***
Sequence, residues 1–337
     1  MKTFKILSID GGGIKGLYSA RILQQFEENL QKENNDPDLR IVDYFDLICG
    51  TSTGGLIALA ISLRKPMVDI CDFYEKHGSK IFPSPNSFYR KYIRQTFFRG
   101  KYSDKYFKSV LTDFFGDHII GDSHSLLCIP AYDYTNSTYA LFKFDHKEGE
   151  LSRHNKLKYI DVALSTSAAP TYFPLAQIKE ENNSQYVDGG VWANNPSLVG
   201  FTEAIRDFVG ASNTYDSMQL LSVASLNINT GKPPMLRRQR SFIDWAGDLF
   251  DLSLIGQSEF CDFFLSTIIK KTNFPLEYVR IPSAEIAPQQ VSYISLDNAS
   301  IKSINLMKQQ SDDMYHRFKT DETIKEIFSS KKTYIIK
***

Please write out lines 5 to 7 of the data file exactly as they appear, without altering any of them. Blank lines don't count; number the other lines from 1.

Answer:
   151  LSRHNKLKYI DVALSTSAAP TYFPLAQIKE ENNSQYVDGG VWANNPSLVG
   201  FTEAIRDFVG ASNTYDSMQL LSVASLNINT GKPPMLRRQR SFIDWAGDLF
   251  DLSLIGQSEF CDFFLSTIIK KTNFPLEYVR IPSAEIAPQQ VSYISLDNAS